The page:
The Scared Stiffs – Autopsy Turvy (CD)

The Scared Stiffs start out their “Autopsy Turvy” in a pretty weak set of straits. There is a heavy amount of rockabilly influence, but there is virtually no energy beyond “When Monsters Fall In Love”. The guitar work sounds put together without any audience in mind; there is skill in playing this but nothing really that hits the primal chords of someone’s heart. Each of the track continues this overly-done style of horror-ish punk (this seems more influenced by The Misfits than being a direct descendent of the band).

While there seems to be a skill throughout all of these tracks (in terms of instrumentation), there is little in the way of experimentation and derivation from the formula first laid out on “Autopsy Turvy”. What does actually work in The Scared Stiffs’ favor is that each of the tracks on the disc are short, so that the repetition that makes up such a large part of the band changes up constantly. There seems to be too much reliance on the older rock styles, so that instead of just sounding like all of the other punkabilly bands that saturate the market, The Scared Stiffs also sound like all the overplayed rock garbage that saturate the classical rock market. The band simply does not make a play for any listeners based on their own talent; the major play on this disc is to draw listeners based on “Leader of the Pack” or “Great Balls of Fire”. Moving on to the teenager sob songs of the fifties for “Pale Grey Eyes”, The Scared Stiffs again show that they can come out with a catchy hook even if they cannot really break free from the rock chains that bind them at every point on “Autopsy Turvy”.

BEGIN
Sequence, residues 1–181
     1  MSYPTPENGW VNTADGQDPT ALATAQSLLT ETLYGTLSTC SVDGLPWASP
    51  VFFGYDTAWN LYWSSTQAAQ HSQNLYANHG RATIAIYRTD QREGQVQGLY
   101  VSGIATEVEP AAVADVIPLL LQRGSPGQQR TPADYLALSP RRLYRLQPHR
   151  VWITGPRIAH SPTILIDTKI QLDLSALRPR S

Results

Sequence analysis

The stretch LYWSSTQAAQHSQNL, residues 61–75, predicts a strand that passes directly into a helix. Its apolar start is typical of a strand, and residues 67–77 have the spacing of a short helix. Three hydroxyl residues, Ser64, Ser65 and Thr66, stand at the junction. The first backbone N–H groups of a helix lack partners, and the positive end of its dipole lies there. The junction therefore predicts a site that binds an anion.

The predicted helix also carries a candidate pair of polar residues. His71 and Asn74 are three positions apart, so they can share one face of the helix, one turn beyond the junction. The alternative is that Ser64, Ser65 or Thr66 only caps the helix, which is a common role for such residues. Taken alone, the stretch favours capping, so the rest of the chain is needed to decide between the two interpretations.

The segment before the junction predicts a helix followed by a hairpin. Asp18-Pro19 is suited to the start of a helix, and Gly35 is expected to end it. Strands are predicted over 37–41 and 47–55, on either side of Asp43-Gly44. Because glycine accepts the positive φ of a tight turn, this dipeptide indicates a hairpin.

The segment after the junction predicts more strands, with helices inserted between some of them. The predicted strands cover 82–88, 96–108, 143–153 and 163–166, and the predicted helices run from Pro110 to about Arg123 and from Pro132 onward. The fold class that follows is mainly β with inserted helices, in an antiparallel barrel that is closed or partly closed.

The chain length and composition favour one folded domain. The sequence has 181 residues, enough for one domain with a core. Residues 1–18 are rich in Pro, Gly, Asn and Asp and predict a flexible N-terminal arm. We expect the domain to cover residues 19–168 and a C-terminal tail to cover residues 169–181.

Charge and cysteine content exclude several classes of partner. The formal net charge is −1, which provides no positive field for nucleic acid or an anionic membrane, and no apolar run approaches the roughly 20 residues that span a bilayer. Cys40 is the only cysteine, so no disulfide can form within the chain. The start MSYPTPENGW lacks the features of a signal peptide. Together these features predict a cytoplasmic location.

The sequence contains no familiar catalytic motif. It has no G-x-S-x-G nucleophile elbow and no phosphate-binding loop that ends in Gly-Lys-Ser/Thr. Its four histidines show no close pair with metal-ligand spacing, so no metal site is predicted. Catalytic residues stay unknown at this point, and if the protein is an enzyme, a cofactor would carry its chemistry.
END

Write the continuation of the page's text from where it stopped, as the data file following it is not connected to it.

“Graveyard Girlfriend” is really a track that stands for the entirety of the disc; the topic matter has been done to death, the Ramones-type of arrangement is stale, and the guitar solo really seems to be paint by numbers instead of something that fits and befits the rest of the track. The problem is not simply having too many tracks on “Autopsy Turvy”, but rather something more fundamental. The band needs to stop playing their vinyl and sit down, trying to figure out what their contribution to the genre is going to be. Simply aping other bands that came before you is not the way for a band to make a name for theirselves.

Top Tracks: Satellite, Haunted

Rating: 3.4/10

The Scared Stiffs – Autopsy Turvy / 2005 Poptown / 15 Tracks / / / Reviewed 30 January 2006


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Author: James McQuiston

Ph.D. in Political Science, Kent State University. I have been the editor at NeuFutur / since I was 15. Looking for new staff members all the time; email me if you are interested. Thanks!

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